Fall 2003, p.17

Metropolitan: News from the Metro NYC Region

The Bronx
State DOT Agrees to Assess Tearing Down Sheridan Expressway
State DOT Agrees to Assess Tearing Down Sheridan ExpresswayThanks to years of tenacious advocacy by the tri-state Transportation Campaign, New York City Environmental Justice Alliance and community allies, including Sustainable South Bronx and Youth Ministries for Peace and Justice, the State Department of Transportation is formally considering tearing down the Sheridan Expressway and replacing it with green space. The agency's "Community Plan" also calls for elevating the Bruckner Expressway over the Bronx River and creating new access between Bruckner and Leggett Avenues to move freight in and out of the Hunts Point Market area more efficiently.

But the teardown is no sure thing. The State DOT is considering 13 possible alternatives and will soon begin traffic modeling. The "Community Plan" and various State DOT plans for ramps that will extend into Hunts Point from a rebuilt highway interchange seem likely to be the main project options. Construction is planned for 2009. The State Department of Transportation will present 13 alternatives at a meeting tentatively scheduled for November. (See "Mobilizing the Region" #432 at www.tstc.org)

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Nassau County
Bus Crisis Part I:
Long Island Bus in Crisis (Again)

Long Island Bus in Crisis (Again)Long Island Bus is one of the nation's most successful and efficient suburban mass transit operations. Its 417 buses carry 106,000 passengers a day, a 22% increase from 1996. And the company will probably be the first all-natural-gas fueled bus fleet on the East Coast. The fleet's increased ridership and performance upgrades are doubly impressive given the abusive budget cuts it has had to endure. The company's operations are paid for by fares, state transit aid and support from Nassau County. In 1999, the county contributed $26 million. In 2003, the county cut its funding to $8 million. In its plans for next year, the county has proposed cutting the company's support again by more than half, to $3.5 million. In the last few years, the state legislature has bailed out bus riders with emergency grants, but this is not likely to continue. According to Jon Orcutt of the Tri-State Transportation Campaign, the state needs to create a "downstate bus operating assistance fund" that is paid for by a small dedicated tax, similar to the other dedicated taxes supporting the MTA. Long Island Bus is not the only New York City area bus operation in serious financial trouble. Westchester's Bee Line also faces declining support from the county and Mayor Bloomberg no longer wants to pay $100 million a year for operating support to private bus lines in Queens. Says Orcutt, "It is the bus systems, their riders, the environment and motorists stuck in worsening traffic who are going to pay the price if something more than a series of stop-gap solutions is not put in place."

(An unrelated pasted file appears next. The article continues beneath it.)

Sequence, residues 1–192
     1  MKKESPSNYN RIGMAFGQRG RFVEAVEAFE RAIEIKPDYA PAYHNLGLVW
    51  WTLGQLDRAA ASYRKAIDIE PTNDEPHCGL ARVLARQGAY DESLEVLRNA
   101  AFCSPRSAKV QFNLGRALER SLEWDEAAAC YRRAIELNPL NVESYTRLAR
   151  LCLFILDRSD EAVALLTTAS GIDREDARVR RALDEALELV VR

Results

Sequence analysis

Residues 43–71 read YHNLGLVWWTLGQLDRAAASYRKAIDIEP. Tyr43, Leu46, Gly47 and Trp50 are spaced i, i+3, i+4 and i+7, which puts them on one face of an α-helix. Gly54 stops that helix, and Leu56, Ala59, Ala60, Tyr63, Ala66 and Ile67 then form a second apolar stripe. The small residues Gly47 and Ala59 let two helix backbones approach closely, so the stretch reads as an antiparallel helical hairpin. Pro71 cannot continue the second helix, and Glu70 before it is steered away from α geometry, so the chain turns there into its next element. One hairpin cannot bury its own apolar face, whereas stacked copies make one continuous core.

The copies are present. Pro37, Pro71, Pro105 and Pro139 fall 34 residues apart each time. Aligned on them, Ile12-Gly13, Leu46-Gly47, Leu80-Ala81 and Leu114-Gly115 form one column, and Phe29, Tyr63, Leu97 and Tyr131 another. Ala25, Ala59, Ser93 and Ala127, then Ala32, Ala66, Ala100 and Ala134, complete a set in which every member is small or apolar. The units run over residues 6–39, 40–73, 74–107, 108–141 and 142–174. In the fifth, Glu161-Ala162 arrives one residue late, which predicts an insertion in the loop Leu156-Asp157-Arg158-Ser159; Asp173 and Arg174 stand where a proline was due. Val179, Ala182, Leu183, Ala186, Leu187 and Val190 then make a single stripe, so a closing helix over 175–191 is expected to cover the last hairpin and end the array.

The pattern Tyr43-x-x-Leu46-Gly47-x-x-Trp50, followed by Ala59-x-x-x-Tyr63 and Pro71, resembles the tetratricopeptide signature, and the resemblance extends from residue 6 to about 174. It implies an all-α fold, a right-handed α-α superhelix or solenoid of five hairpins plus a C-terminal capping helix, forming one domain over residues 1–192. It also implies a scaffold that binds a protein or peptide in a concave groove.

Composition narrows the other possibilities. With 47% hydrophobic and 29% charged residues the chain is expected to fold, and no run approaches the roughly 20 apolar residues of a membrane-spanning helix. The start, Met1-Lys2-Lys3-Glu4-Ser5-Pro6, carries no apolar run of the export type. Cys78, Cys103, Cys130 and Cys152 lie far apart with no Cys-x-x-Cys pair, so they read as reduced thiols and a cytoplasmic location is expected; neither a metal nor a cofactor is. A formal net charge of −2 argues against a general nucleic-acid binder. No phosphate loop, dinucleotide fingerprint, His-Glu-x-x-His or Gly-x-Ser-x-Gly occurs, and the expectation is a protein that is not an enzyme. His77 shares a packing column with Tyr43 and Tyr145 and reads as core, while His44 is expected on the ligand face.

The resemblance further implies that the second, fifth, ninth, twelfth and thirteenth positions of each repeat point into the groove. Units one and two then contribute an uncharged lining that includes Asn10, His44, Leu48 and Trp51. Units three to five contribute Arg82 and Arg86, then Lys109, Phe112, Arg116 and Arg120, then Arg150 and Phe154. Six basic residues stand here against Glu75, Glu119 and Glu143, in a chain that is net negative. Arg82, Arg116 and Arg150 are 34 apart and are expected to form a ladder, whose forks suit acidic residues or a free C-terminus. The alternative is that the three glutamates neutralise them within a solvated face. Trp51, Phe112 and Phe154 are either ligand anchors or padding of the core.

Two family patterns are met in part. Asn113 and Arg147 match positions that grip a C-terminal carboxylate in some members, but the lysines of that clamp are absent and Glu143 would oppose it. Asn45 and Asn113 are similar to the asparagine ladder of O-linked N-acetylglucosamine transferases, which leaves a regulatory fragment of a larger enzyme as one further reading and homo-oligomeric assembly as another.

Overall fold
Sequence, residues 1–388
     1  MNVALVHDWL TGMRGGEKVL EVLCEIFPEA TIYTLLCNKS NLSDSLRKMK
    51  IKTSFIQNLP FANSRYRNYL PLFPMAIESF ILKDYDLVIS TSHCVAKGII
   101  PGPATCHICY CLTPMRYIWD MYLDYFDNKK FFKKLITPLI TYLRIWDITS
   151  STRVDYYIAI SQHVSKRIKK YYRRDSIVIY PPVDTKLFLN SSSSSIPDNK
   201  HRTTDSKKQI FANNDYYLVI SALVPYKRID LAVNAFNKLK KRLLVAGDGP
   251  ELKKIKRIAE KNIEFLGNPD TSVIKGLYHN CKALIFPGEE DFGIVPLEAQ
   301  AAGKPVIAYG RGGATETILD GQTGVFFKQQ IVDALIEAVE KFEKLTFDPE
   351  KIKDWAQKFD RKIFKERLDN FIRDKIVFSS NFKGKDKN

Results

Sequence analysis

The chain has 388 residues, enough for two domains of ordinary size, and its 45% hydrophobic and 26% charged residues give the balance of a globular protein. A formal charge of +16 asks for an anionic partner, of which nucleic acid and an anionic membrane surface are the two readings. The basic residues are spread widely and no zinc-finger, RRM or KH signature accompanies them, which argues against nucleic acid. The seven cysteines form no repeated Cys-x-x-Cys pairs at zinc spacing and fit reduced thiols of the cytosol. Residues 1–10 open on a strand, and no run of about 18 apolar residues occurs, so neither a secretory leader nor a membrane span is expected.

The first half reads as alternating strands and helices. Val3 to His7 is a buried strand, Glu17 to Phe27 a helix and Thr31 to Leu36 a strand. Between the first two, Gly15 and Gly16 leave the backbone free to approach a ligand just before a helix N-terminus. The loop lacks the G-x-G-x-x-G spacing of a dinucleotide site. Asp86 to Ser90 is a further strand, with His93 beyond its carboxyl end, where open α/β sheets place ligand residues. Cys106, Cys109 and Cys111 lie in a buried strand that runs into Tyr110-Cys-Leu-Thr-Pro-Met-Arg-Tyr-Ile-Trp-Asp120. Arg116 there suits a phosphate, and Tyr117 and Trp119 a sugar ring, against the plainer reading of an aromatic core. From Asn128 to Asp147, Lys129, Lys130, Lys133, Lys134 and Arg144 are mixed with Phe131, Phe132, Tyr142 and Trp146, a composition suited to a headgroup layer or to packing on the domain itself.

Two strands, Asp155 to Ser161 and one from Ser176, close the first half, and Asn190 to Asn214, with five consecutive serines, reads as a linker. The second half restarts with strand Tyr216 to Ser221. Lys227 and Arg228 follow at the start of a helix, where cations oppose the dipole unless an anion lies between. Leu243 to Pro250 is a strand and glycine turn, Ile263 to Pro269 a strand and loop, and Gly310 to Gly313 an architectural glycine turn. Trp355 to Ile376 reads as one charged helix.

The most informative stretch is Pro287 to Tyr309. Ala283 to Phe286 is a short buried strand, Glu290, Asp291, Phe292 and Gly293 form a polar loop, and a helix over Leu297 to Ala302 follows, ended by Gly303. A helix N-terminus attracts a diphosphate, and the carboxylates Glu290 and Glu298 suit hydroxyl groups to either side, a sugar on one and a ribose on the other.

Queens County
Bus Crisis Part II:
NYC Funded Bus Fleets Sue DOT
Mayor Bloomberg says that the city can no longer pay $100 million a year to subsidize seven bus companies that serve 400,000 people a day, mainly in Queens. He is looking to the MTA to take over the City franchise bus fleet, which includes Green Line, Command Bus, Triboro Coach and Jamaica Buses. But the MTA says that it does not have the money. Caught in the middle are bus riders, who are already suffering from service reductions on routes in Queens and Brooklyn. The four companies filed a $10 million federal lawsuit in September against the city Department of Transportation, arguing that antiquated funding formulas have "increasingly failed to meet the actual costs of providing the transportation services required by the City."

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New Jersey
NJ Transit Victim of Own Success?

NJ Transit Victim of Own Success?New Jersey Transit (NJT) has introduced popular new services, made smart system connections and built new light rail lines. In September, the agency opened the long awaited Secaucus Transfer, which connects ten of the system's 11 rail lines. The new connection has attracted more riders and led to demands for greater service. Because fares do not pay the full cost of transit service, this means that NJ Transit's operating costs are going up. Unfortunately, subsidies for the transit agency are not. The result is that NJT has had to take $360 million from its capital budget for operating costs. The capital budget pays for new construction and reconstruction of existing rail lines and new trains and buses; taking from it will lead to higher costs in the future when NJT will need major overhauls to catch up with neglected infrastructure and vehicle maintenance. Depleting the capital budget could also lead to worsening system performance as outages and breakdowns increase.

Read "Mobilizing the Region," published weekly by the Tri-State Transportation Campaign: www.tstc.org

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